The one called cinnamon sticks is usually the lower quality one, which is Cassia bark. It is a family of cinnamon and a little bit different from the high-grade type called cinnamon quills in the market.

Cinnamon quills are the ones considered the true cinnamon. It has a reddish-brown color with a smooth surface. Its fragrance has a sweet tone, and it’s rather powerful that you only need to use a small amount in your cooking. Price-wise, it’s slightly more expensive. But it’s worthed. 

How To Make Mouth-Watering Indonesian Chicken Curry

In short, you need to fry the spice paste and herbs until they release a delicious aroma. Then you add in the chicken pieces to fry. Cook until the poultry looks opaque and firm.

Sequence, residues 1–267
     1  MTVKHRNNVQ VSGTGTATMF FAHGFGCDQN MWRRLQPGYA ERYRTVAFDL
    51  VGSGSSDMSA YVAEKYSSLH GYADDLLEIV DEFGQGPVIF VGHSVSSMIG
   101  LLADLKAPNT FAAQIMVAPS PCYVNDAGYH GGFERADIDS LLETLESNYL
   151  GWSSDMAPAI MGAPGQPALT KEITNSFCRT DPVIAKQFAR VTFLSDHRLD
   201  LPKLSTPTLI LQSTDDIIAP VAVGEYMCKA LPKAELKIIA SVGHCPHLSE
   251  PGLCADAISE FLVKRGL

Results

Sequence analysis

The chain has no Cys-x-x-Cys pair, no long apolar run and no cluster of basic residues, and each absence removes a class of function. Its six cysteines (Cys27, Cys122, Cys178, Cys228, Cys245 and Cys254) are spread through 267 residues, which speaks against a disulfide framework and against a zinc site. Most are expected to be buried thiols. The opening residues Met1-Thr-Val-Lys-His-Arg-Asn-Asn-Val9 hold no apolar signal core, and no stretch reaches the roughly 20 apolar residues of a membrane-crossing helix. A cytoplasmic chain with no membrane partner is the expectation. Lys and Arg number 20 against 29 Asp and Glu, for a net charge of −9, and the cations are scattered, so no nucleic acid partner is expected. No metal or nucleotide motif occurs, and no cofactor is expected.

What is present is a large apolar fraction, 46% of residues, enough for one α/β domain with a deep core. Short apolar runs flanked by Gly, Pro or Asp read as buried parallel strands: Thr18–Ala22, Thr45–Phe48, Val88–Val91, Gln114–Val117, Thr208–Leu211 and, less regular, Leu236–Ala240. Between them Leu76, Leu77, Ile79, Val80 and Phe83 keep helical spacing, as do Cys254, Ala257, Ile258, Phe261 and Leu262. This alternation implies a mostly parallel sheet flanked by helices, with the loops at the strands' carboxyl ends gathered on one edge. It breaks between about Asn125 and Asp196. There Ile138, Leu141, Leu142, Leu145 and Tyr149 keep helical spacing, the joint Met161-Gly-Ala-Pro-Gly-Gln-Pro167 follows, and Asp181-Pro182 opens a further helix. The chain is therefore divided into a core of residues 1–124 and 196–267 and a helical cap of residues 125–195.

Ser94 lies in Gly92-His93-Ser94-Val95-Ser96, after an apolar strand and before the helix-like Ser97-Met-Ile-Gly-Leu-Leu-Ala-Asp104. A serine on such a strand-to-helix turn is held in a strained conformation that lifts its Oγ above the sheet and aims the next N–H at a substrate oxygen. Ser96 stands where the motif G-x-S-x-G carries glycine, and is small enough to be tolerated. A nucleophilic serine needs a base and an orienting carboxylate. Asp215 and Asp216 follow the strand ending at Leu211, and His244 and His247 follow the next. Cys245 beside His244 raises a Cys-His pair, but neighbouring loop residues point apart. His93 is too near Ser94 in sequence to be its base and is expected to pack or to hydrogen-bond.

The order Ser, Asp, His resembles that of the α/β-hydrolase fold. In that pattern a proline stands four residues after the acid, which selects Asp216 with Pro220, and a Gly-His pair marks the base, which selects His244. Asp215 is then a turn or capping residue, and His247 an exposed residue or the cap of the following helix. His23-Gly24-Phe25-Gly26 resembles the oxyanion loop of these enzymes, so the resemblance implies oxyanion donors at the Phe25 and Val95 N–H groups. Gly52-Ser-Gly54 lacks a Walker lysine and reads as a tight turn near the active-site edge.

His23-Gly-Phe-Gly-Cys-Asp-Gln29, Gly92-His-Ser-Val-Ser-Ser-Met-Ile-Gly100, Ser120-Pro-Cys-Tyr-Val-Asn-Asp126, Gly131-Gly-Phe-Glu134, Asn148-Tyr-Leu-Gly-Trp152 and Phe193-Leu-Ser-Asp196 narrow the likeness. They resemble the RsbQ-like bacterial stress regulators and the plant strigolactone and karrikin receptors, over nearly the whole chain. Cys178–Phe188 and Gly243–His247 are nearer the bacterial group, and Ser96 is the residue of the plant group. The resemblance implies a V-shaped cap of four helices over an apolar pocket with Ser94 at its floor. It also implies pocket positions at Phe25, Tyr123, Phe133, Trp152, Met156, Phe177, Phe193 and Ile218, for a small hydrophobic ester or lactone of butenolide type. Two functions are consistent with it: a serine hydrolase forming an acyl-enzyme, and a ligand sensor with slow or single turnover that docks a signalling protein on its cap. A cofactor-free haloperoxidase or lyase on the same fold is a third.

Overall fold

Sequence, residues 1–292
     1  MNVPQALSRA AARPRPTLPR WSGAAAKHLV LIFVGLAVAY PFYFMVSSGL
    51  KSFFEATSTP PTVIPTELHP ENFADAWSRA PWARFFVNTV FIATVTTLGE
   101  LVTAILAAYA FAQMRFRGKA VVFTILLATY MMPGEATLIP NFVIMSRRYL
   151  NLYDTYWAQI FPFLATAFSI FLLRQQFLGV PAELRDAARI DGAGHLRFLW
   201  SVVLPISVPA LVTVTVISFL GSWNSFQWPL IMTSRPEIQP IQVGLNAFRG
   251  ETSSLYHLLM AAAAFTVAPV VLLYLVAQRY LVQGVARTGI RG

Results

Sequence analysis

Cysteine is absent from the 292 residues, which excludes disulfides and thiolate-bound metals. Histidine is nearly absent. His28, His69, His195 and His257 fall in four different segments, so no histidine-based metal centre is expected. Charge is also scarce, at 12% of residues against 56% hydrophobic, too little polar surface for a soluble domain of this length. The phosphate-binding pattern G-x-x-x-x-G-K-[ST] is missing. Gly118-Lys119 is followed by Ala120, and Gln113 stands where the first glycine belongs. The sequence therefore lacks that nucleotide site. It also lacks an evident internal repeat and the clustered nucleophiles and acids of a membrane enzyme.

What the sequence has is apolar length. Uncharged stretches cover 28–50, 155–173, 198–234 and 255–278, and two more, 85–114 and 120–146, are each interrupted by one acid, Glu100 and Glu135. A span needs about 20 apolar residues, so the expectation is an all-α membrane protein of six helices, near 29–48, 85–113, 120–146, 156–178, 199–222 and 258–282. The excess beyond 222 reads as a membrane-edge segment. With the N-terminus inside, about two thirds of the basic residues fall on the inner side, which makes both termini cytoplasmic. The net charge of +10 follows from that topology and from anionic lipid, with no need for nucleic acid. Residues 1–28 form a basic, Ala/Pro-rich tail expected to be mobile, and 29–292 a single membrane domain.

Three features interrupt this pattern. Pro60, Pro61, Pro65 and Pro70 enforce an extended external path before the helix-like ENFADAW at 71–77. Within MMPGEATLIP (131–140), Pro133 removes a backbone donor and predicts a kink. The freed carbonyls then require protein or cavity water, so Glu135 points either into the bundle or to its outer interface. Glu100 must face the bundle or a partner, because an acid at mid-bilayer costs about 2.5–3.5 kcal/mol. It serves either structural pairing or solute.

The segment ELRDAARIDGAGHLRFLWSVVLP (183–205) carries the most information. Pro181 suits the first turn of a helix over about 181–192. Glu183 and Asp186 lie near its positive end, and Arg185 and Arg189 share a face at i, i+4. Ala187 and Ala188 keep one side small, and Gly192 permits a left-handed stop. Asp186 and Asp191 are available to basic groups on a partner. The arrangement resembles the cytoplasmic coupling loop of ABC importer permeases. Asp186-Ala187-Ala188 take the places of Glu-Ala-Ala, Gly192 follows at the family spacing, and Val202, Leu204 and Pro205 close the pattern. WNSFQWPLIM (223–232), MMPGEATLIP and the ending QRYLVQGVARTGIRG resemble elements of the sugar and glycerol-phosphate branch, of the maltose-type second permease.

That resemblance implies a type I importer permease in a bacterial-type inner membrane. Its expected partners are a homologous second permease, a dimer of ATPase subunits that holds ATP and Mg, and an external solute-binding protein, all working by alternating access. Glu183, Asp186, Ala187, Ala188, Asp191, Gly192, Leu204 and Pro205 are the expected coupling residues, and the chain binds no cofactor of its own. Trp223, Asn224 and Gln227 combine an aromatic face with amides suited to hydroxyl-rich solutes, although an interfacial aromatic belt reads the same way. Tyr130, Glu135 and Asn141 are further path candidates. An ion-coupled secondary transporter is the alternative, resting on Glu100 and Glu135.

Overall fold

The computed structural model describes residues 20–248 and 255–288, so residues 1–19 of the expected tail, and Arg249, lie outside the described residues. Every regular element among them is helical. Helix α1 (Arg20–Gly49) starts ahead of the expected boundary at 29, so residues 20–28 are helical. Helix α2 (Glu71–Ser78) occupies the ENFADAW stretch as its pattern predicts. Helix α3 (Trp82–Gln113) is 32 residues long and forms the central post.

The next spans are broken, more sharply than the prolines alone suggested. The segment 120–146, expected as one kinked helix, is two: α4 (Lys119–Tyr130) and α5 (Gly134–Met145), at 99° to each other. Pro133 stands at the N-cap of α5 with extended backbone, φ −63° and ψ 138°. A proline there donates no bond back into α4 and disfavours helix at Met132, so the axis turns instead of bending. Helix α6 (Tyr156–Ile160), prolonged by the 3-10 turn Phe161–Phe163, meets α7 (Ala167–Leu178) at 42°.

Lastly, pour the coconut milk in, and let everything cook until the chicken is thoroughly cooked and tender.

photo collage of how to make Indonesian chicken curry.

Top Tips For Flavoursome Kari Ayam

  • Prepare your chicken as you normally would. And then, rub some white vinegar, lemon juice, or lime juice all over the poultry pieces. Rinse them with water until they don’t feel slimy to the touch. Lastly, prick them with a fork or a skewer. The idea is to help the flavor from your cooking get into the inside of the chicken. 
  • Make sure you fry the spices until they release their aroma. If you find it a bit dry, you can add another drop of cooking oil. 

Storing Matter

You can cook and prepare this curry over the weekend for you to enjoy during the mid-week.